Yoko and George
In the summer of 1961, Yoko had her first show Painting & Drawings of Yoko Ono at George Maciunas’ AG Gallery, which also marked the lovely beginning of their friendship and collaboration. In her diary of that memorable summer, Yoko recalled how they were imagining her instruction painting had already been sold for 400 dollars, they became so happy that 'they suddenly took each other’s hands dancing around the room'; and how they two 'bigheaded' people happily seized the whole city when most upper east siders 'went to the Hamptons'; and there were certainly something intangible that they co-owned in those days.
AG Gallery entrance at 925 Madison Avenue, New York, with the exhibition announcement Painting & Drawings of Yoko Ono, July 1961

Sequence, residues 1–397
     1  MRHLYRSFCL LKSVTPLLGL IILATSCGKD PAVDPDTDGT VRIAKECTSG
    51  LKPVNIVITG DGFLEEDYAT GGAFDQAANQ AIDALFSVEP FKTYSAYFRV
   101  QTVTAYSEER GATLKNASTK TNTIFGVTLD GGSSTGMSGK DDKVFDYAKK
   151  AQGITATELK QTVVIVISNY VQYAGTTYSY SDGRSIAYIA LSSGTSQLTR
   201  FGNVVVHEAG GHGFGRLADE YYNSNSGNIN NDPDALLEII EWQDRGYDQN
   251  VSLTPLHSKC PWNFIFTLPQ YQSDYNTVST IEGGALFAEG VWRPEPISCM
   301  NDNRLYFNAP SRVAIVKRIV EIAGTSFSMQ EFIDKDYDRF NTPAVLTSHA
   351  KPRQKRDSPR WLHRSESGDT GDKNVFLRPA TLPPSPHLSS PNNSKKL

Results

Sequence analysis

Exhibition view of Painting & Drawings of Yoko Ono at AG Gallery, New York, July 1961. Photograph by George Maciunas.
“They were very playful, they didn’t take anything seriously,” Stendhal says of the Fluxus crowd. “At the same time, they had serious convictions.”
At the time of Ono’s first show, Stendhal says, Maciunas and Ono “were both young, they were both broke.” No one was buying their work, and perhaps there was freedom in that; they spent weeks discussing their art and their hopes for the future. As Ono recalled it in a piece penned in 2008, it was Maciunas’s last show at the floundering AG Gallery on Madison Avenue. The electricity had been cut, and few people came. But for Ono, it was a start. The city, she would say, felt like it was hers alone.
Yoko Ono with Painting to See in the Dark (1961) at AG Gallery, New York, July 1961. Photograph by George Maciunas.